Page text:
Many years ago, one of the magazines (I simply don’t remember if it was Time or Newsweek) had an advertising campaign that went something like this: “read our magazine each week, and you will be a more interesting conversationalist at parties.” I think I agree with that. You know… the more you know, the more you know… and the more people will want to talk to you.
Well, I get the usual morning e-mails telling me what to think about. There seem to be more by the month/week… And I check a growing number of diverse web sites. And I even glance at the physical newspaper, which I still pay for to be delivered to our house.
Just this morning, I have read (or read about): conspiracy theories about what happened to missing Malaysia Airlines Flight 370; what happens on a regular basis on one of our aircraft carriers; an interview with Robert Duvall; misc. pieces about politics; and a fascinating article about how 4-5 year olds figure out what to do with gadgets faster than college students do. (Read this one!). And, many more items (how to write better; what to ask in a job interview; what David Letterman ate on his show last night with Sylvester Stallone – yep, you guessed it)…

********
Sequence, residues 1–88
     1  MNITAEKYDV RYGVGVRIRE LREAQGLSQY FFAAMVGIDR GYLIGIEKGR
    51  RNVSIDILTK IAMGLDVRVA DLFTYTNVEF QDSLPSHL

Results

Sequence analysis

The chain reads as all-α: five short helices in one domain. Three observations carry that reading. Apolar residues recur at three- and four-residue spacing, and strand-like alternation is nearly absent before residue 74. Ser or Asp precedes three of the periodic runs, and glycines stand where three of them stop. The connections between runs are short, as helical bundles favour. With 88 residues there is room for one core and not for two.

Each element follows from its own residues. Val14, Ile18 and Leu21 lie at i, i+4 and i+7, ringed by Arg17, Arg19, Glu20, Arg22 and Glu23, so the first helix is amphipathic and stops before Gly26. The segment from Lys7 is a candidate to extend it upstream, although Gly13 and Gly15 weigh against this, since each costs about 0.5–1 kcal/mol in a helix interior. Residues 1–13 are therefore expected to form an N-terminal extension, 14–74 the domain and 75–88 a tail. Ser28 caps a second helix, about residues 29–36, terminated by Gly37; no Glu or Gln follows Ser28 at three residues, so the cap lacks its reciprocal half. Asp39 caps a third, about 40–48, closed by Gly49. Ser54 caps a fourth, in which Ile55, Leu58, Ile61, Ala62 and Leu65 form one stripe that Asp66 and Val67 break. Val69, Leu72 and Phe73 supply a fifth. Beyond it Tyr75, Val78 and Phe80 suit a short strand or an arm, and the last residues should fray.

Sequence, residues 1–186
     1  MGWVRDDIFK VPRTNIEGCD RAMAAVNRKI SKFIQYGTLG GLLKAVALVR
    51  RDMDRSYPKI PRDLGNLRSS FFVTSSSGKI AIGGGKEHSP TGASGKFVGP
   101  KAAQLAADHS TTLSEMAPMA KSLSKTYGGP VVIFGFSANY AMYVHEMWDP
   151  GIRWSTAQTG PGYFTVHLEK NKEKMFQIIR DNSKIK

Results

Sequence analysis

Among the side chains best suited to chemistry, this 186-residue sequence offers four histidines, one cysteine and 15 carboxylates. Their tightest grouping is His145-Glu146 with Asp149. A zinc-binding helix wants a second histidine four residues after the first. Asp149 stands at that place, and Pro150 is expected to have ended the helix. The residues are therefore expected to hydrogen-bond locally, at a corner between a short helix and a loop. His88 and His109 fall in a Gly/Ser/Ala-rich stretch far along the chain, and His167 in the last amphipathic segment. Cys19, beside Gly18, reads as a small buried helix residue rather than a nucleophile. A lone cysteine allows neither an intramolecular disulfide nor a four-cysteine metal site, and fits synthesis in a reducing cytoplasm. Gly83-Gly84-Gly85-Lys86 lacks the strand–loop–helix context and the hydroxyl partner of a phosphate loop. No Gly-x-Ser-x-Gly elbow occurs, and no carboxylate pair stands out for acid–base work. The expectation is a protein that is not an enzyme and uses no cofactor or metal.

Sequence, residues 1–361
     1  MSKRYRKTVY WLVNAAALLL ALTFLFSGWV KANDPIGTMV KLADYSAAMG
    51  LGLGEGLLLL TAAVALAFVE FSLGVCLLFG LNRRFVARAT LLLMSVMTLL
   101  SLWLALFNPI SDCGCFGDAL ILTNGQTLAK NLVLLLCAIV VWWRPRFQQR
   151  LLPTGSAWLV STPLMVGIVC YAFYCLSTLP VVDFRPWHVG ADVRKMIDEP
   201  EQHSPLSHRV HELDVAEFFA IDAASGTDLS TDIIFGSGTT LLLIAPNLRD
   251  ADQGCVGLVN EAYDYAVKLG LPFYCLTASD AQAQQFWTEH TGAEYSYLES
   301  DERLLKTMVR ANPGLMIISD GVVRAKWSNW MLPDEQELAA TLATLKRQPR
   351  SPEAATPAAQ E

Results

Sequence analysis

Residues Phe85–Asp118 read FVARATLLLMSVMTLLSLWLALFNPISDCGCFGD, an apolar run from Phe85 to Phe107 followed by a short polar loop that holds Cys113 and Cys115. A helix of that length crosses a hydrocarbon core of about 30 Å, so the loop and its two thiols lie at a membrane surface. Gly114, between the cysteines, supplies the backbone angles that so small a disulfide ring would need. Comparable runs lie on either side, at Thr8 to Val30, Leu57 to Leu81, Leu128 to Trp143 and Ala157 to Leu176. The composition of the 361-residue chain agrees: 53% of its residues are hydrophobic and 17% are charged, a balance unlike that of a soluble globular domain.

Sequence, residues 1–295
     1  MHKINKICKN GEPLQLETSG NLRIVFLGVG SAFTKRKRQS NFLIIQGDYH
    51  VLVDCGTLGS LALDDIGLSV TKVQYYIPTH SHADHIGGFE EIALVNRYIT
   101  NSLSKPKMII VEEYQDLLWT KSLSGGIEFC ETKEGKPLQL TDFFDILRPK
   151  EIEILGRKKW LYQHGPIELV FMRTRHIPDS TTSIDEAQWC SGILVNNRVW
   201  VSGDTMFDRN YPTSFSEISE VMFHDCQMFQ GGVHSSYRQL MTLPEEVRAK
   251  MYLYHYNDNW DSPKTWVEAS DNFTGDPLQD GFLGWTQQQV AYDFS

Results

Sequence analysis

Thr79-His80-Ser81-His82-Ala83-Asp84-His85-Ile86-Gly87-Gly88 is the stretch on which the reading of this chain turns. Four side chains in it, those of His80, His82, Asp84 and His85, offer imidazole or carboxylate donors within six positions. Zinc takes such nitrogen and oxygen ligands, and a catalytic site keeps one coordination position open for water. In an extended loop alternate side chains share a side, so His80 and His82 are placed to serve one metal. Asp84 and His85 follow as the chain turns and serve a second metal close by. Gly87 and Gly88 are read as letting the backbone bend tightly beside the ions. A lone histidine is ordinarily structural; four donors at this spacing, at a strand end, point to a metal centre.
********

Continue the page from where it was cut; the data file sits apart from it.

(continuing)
One e-mail I receive is titled “Your morning buzz.” (This morning’s “morning buzz” prompted this blog post). And, it started me thinking… I started thinking about what I read in the morning. And, then, I started thinking about all the stuff I read.
Let’s divide life into inputs and outputs. We’ll view inputs as the stuff we take in, and outputs as what we actually do with all those inputs.
Or, maybe think about it this way: inputs are preparing to do things/tasks/jobs/projects, and outputs is the doing of all of these things we prepared to do…
Inputs are all those items we read or listen to or watch. Books; articles; blog posts; tweets; TV shows; youtube videos; listening to (physically attending, or watching on-line) presentations….
Some are simply entertaining – or, simply “diversions.” Some are, “that’s cool,” or “that’s interesting.”
But some are actually useful. In other words, they teach me something new, or remind me of what is important to accomplish.
In fact, I think maybe we have to look for and find the useful on purpose – like hunters, looking for our prey. (“Seek — until you find…”).
And, when we find something useful, our “what do I do with this, now that I am learning it” mode kicks into gear. Maybe the process goes something like this:
• Zoom in with full attention.
• Then, think about what you have just taken in – ponder a bit.
• Then, ask, what will I do with this useful input?
• Then, actually do something with this useful input.
It is that last step – actually doing something with this input – that is most important.
Here’s what I think: it really is ok to do a lot of “just getting the juices flowing” input accumulation. But, it is better to get to the inputs that lead to the outputs that result in actual accomplishment.